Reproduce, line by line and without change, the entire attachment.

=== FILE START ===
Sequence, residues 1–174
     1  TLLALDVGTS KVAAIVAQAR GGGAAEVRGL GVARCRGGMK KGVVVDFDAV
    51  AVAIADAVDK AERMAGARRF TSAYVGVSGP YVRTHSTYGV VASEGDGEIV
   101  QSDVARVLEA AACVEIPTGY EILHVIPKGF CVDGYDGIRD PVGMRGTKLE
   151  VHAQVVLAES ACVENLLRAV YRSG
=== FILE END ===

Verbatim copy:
Sequence, residues 1–174
     1  TLLALDVGTS KVAAIVAQAR GGGAAEVRGL GVARCRGGMK KGVVVDFDAV
    51  AVAIADAVDK AERMAGARRF TSAYVGVSGP YVRTHSTYGV VASEGDGEIV
   101  QSDVARVLEA AACVEIPTGY EILHVIPKGF CVDGYDGIRD PVGMRGTKLE
   151  VHAQVVLAES ACVENLLRAV YRSG